The first house of worship built on this site was just a small church. A much larger cathedral was subsequently built here but devastated in an 18th century earthquake.

Today’s magnificent cathedral, which opened to grand fanfare in 1750, reflects the rebuilding effort. No, it’s not the Pizarro era’s original church, but this grand lady is 272 years old. 

The Cathedral of Lima in Plaza Des Las Armas, Lima, Peru. Photo by Susan J. Young.
The Cathedral of Lima in Plaza de Armas, Lima, Peru. Photo by Susan J. Young

Entering this grand structure, travelers immediately will spot a side funerary chapel dedicated to Francisco Pizarro. Commissioned in 1928, this chapel reflects overall design by Spanish artist Manuel Piqueras Cotoli; it has Spanish and pre-Hispanic-era motifs.

On one side of the chapel is a funerary monument to the Spanish conquistador. Over the years, there’s been mystery and intrigue surrounding his death and remains.

That’s because in 1977, it was discovered that the remains placed in this chapel initially and said to be his, were likely not.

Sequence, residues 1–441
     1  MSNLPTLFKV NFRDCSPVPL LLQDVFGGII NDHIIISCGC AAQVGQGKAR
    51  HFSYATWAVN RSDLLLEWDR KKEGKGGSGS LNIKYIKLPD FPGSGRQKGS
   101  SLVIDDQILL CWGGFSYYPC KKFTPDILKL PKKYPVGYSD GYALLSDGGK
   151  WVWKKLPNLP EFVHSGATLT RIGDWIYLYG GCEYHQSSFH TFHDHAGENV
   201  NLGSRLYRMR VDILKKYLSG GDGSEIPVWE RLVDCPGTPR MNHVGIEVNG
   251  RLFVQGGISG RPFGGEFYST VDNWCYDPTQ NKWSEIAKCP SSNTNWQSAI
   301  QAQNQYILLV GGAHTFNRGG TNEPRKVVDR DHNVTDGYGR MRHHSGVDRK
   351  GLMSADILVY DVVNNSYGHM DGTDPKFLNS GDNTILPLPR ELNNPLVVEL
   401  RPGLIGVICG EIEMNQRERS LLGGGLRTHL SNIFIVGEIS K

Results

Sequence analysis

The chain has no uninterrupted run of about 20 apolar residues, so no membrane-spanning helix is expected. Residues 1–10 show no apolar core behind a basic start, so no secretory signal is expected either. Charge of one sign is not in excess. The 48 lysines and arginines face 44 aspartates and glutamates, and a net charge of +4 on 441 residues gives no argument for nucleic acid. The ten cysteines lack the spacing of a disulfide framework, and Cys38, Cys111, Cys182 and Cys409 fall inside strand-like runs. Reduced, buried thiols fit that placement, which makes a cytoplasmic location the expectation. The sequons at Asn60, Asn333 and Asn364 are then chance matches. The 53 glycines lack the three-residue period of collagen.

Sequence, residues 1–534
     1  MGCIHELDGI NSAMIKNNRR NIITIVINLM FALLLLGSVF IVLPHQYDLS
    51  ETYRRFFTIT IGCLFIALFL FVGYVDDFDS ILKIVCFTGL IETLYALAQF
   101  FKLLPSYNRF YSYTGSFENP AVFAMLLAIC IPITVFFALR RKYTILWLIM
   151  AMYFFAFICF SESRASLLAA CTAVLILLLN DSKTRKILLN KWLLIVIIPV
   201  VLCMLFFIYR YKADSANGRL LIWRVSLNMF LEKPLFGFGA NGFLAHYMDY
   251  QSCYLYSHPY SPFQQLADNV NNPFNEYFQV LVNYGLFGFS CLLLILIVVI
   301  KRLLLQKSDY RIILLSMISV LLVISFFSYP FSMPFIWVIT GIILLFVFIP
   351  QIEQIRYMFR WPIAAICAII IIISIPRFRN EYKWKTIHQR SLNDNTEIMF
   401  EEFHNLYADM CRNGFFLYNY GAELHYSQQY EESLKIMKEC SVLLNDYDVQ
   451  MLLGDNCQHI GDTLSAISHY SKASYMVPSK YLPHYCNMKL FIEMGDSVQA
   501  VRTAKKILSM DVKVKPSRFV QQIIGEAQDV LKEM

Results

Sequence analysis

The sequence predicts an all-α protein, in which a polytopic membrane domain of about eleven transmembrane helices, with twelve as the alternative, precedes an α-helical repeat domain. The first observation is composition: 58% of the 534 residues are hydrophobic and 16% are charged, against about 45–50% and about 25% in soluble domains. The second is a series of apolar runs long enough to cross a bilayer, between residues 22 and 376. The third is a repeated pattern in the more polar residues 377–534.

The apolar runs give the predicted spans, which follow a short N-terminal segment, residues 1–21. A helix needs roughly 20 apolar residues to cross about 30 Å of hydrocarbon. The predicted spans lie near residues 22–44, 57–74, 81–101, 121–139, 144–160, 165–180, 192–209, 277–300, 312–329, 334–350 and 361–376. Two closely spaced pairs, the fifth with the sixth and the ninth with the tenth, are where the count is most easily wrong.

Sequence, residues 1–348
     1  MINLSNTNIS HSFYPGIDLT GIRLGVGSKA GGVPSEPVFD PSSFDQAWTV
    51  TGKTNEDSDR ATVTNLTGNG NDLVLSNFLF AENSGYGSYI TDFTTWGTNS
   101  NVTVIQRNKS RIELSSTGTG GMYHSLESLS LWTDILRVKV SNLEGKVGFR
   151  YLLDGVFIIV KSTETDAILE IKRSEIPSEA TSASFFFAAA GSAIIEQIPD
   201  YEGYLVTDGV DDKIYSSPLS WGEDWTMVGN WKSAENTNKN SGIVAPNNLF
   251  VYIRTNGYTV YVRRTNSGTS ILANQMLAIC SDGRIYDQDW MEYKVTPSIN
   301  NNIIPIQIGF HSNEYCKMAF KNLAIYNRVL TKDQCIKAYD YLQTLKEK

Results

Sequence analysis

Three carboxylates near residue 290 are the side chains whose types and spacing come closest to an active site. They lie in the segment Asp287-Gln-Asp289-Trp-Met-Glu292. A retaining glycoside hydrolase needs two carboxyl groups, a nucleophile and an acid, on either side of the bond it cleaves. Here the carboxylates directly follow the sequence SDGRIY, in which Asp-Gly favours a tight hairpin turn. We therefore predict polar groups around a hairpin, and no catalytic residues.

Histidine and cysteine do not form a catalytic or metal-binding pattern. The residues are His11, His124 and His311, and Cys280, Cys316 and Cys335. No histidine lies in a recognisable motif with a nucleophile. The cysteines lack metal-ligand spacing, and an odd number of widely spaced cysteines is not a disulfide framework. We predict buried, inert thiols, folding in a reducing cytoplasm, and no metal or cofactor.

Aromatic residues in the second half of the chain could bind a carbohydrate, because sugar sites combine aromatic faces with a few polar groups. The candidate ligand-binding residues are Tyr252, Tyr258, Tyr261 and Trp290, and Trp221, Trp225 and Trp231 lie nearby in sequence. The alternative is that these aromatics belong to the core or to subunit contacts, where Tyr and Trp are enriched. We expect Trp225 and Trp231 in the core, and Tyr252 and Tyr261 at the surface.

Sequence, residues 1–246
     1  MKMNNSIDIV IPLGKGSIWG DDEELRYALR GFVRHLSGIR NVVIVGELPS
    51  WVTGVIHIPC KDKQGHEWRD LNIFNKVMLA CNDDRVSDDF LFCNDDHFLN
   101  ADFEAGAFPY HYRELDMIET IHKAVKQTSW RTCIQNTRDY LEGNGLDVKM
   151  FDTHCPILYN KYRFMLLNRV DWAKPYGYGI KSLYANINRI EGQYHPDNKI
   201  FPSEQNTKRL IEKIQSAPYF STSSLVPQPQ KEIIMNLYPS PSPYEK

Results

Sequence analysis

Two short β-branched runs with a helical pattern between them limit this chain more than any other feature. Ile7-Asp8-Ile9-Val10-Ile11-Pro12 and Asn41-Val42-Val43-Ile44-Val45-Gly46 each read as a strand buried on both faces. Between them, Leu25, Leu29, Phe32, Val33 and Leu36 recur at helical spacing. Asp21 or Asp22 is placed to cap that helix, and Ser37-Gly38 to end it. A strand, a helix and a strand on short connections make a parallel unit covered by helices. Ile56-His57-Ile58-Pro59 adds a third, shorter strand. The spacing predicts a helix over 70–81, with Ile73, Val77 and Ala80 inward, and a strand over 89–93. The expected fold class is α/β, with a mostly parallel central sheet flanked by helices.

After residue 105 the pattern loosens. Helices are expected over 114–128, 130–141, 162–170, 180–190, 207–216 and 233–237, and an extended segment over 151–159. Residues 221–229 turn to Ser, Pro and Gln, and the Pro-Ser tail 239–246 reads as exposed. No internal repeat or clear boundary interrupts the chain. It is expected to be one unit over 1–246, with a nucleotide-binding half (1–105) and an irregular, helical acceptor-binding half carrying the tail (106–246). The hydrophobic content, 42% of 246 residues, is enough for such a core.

That’s because Pizarro’s skull and other remains had been discovered within the cathedral’s crypt, just below the altar. Today, officials using the latest scientific methodology firmly believe that the remains interred in this chapel are Pizarro’s (90 percent likely, they say, and the scientific proof standard is 80 percent).

Suffice it to say, it’s a bizarre tale, so we won’t even try to explain it here. Here’s one account of the bizarre mystery, though.

Mosaics inside the Francisco Pizarro side chapel within the Cathedral of Lima, Peru. Photo by Susan J. Young.
The Francisco Pizarro side chapel at the Cathedral of Lima, Peru, offers Venetian mosaics; this scene depicts the Spanish conquest. Photo by Susan J. Young.

That aside, the Pizarro Chapel is resplendent with sparkling Venetian wall mosaics, created by Spanish artist Amadeo Mantellato. Yet, the mosaics (in the photo above) do reflect the sad consequences of the Spanish conquest of the Incans.

Chapel of St. Joseph, the patron saint of carpenters, Lima, Peru.
Chapel of St. Joseph, the patron saint of carpenters, Lima, Peru